(actually, doing the math, the first paper is 45%, the second is 45%, and a brief introduction tying the two together will comprise the other 10%)

So I need to figure out what I want to do for the second half. Which means heading back to my list of research interests. For the purpose of this brainstorm, I’m going to go down the list and see what I have immediately to say about each of the items that jump out at me.

(more…)

In order to figure out what to write this paper on, I had to consider the list that I made. But I had to consider other things as well.

I had to consider the outside constraints of the paper. It is meant to be a representation of my research, of my writing ability, in the hopes that it will impress several PhD programs enough that they will fall all over themselves in a desperate desire to recruit me into their program. But it is also a final paper assignment for a class. The class, Computers and Writing, focuses on many things. The biggest issues I have seen thus far, though, are Usability, its close partner Accessibility, Iterative Development, and technology’s involvement in the field of writing studies.

I also had to consider the inner constraints of the paper. In particular, how busy I am and how little time I actually have to work on this paper. As much as I would like to devote all my time to it, I just can’t. Classes, both those I take and those I teach, get in my way, as does a “misguided” desire to remain sane and happily married.

Given those constraints, then, what can I write about? It has to relate to one of the themes from class and it has to involve relatively little new research on my part (though I am reading “The Psychology of Everyday Things,” among other books).

(more…)

I said before that I wanted to make a list of everything that interests me. My hope in doing so was to be able to figure out what part of this interest I want to focus on for the paper I am currently working on. I’ll get to that in a moment. Now, the list, including what was and adding what must also be:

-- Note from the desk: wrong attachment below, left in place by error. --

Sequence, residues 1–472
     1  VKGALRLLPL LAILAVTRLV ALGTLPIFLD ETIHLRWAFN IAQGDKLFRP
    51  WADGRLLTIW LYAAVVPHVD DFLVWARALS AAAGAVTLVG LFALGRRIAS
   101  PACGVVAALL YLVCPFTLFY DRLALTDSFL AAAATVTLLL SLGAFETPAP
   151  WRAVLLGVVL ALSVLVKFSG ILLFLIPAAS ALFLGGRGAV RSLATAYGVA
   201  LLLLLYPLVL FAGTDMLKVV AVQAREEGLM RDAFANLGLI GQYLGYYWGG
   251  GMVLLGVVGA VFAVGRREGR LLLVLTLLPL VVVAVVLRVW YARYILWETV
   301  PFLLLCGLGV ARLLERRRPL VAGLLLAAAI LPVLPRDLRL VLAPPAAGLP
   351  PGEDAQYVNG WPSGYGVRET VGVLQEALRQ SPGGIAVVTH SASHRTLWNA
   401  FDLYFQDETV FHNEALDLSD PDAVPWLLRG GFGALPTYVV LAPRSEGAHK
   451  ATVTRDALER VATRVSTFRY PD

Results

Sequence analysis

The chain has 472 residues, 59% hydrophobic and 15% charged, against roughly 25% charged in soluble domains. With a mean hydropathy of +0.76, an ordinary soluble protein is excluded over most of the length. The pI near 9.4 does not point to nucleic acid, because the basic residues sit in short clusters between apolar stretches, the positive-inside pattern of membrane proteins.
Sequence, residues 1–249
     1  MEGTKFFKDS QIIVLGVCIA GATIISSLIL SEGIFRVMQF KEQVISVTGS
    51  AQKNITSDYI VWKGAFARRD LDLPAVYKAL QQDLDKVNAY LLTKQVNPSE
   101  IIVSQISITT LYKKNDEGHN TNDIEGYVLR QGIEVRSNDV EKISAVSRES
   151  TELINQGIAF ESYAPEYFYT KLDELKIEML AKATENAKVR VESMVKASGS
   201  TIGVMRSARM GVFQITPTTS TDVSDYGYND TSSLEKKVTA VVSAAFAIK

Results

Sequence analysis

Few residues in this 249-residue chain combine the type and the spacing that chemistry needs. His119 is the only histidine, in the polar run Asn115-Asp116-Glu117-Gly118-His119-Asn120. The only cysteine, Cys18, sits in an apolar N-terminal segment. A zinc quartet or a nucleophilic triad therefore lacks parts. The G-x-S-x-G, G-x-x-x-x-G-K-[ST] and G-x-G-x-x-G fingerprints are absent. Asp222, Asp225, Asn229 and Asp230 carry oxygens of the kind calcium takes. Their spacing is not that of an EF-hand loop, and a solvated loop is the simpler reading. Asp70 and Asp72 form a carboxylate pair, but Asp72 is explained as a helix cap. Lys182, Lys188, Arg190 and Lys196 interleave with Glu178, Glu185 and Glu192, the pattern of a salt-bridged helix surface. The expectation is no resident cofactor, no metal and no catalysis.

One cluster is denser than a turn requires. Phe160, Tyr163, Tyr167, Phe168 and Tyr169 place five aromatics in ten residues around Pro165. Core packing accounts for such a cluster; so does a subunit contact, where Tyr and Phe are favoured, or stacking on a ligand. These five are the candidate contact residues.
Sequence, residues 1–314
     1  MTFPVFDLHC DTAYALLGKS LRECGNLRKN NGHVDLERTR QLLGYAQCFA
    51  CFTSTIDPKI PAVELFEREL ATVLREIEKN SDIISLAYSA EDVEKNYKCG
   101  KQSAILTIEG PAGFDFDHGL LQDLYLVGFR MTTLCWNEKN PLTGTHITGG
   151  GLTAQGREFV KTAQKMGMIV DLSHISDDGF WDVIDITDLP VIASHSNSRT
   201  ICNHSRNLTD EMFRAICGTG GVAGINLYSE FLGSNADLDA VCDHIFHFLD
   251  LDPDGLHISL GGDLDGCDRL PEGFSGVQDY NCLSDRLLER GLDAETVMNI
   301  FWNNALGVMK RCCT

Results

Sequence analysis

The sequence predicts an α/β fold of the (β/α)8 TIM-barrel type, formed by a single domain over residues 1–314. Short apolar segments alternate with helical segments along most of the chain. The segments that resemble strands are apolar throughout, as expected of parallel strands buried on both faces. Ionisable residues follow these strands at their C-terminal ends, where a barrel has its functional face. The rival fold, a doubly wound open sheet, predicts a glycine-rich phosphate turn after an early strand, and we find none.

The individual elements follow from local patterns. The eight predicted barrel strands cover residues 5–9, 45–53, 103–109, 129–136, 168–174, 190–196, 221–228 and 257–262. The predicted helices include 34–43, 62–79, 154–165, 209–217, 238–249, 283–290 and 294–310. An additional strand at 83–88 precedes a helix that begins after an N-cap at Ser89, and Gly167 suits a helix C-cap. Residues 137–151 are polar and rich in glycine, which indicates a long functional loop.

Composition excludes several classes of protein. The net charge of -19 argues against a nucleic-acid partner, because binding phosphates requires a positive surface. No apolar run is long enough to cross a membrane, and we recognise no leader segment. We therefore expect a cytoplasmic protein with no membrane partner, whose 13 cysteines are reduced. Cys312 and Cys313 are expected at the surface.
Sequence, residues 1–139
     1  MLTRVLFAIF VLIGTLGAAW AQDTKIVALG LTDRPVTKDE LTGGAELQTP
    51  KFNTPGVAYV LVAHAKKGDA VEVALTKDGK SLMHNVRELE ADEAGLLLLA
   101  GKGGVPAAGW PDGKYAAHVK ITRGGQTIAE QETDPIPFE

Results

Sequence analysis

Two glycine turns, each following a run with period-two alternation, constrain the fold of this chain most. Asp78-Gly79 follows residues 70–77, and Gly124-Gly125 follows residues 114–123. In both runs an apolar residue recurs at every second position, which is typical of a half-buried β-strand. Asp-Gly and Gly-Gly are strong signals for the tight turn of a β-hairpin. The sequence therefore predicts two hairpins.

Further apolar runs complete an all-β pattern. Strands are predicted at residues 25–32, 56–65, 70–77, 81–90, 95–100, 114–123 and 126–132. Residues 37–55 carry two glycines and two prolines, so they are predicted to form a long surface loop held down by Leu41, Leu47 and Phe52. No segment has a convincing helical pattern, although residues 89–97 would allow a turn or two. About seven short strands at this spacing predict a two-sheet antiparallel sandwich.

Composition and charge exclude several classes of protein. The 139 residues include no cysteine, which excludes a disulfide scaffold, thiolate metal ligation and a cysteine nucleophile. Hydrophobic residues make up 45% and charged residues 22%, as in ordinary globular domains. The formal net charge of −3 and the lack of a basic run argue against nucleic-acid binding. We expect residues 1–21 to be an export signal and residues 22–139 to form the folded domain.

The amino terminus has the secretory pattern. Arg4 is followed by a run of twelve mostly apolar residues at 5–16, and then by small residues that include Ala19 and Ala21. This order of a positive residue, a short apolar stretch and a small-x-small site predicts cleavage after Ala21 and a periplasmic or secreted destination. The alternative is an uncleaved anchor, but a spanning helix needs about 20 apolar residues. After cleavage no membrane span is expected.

• Development of Technology
  • Process of invention (both user centered and otherwise)
  • Predictive power of science fiction
  • Conflict between ‘popular’ fiction and ‘Literary’ fiction (as examined through usability)
  • Pedagogy
  • Peer responding/editing
  • Parallels (between programing/writing)
  • Parallels and links between Philosophy and English Studies
  • Iteration
  • Writing Studies
  • Writing History
  • Philosophy
  • Logic
  • User Centering
  • Ease
  • Accessibility
  • Artificial Intelligence
  • New Media
  • Usability
  • History of writing
  • Methods of writing
  • Audience

The list is likely to continue to grow. Realistically, it should always grow; I should constantly be advancing what I am interested in.

Right now, though, I need to focus. My original problem with the paper I was writing was, I think, that I wasn’t focused enough. I didn’t follow my own mental model. Let me digress to explain that. (more…)

Brief place holder

Posted: October 29, 2007 in AI, iteration, List, meta

I wrote the paper mentioned in the previous post, and decided that it is essentially <edit>worthless. not usable</edit>It’s not so much that the paper isn’t good, it’s that it’s too big. I bit off way more than I have time to chew.

So the next step is to take a walk. I’m heading out of the forest for a minute so that I can get a good look at it. I’m going to identify trees as I go, but I need to look at the big picture. Wow, that’s an awkward metaphor.

The next step for me is to make a list of everything. Everything I’m interested in, all the questions I want to someday investigate. This is the research equivalent of “what do I want to be when I grow up?” I can’t answer these questions yet. If I could, then I wouldn’t need to do the research (alternately, if I could, I would likely be wrong).

Someone, I don’t know who, once said “Of course I think I’m right. If I thought I was wrong I’d change my mind.” Not really relevant, but funny.

The list is not yet finished, if it ever will be. It’s still ruminating in my brain. I will attempt to make a semi-final form over the next few days. I say semi-final because something like this is never finished. A research list is like living a happy life. As Socrates said, we can’t tell that a man led a happy life until he is dead. (hence “count no man happy till he’s dead”).

Anyway, the list:

  • Iteration
  • Writing Studies
  • Writing History
  • Philosophy
  • Logic
  • User Centering
  • Ease
  • Accessibility
  • Artificial Intelligence
  • New Media
  • Usability
  • History of writing
  • Methods of writing
  • Audience

More will come. I guess I could say that there will be further iterations to come.